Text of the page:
Migration to Alberta from BC and Saskatchewan?
The feuds that have occurred as of late between British Columbia and its two eastern neighbours – Alberta and Saskatchewan – have been the centre of attention of media across the country.
First it was the opposition to the Trans Mountain Pipeline Expansion, then came the wine ban from Alberta (which was reversed), and now, new legislation from the governments of both Alberta and Saskatchewan to potentially restrict the flow of petroleum to British Columbia.
Thankfully, this disastrous scenario between provinces of whom should be acting more like loving family members rather than estranged ex hubbies doesn’t reflect migration patterns throughout the years.
Alberta, Canada’s population powerhouse, has seen a healthy flow of migration between it and its two neighbours. While the economic downturn in Alberta saw record-high unemployment rates and people fleeing the province in droves as a result, today migration rates are again are turning positive alongside a recovering economy.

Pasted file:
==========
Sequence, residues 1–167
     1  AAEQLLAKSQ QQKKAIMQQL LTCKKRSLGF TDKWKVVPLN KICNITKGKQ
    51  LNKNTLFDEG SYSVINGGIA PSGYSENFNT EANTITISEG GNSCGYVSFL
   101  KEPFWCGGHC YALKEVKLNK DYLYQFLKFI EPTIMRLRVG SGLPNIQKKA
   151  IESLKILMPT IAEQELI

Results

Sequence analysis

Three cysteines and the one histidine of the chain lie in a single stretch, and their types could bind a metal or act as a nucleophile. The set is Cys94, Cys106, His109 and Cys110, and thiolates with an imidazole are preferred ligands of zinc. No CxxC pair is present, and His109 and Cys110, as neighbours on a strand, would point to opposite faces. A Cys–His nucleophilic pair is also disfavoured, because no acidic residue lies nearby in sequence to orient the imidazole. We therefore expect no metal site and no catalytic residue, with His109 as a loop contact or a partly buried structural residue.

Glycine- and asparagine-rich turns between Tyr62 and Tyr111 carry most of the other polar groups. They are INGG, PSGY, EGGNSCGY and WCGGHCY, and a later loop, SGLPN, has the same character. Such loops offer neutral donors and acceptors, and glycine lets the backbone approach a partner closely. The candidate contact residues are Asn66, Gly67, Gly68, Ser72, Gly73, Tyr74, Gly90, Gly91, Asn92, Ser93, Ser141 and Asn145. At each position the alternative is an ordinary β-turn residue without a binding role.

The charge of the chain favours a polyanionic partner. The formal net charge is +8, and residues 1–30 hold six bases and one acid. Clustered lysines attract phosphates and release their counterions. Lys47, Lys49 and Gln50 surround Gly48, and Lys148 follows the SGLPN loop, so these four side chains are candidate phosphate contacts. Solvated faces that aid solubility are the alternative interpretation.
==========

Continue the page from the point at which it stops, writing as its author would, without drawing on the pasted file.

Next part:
Saskatchewan to Alberta
Over the last four years, approximately 9,300 people have packed their bags and headed for Alberta – permanently. Learn about the most recent interprovincial migration rates here.
Save a few years in the 1980s and in the late 2000s, there’s always been a healthy flow of in-migration from Saskatchewan to Alberta between 1977 and 2017. This stayed true despite the recession between 2015 and 2016 when both provinces had shrinking economies.
British Columbia to Alberta
The net migration patterns from British Columbia to Alberta has been quite a different story. Only for a few years during the 80s did Alberta see positive in-migration, with many people leaving to its western neighbour during the late 1980s and 1990s. However, many made the return to Alberta in the 2000s.
During the recession of 2015 and 2016, British Columbia had the lowest unemployment rate and strongest economy in Canada. Many Albertans saw an opportunity in the mountainous province and left. But by the second half of 2017 – with Alberta’s economy gradually improving and British Columbia’s slowing – migration rates returned to a healthy balance between the two neighbours.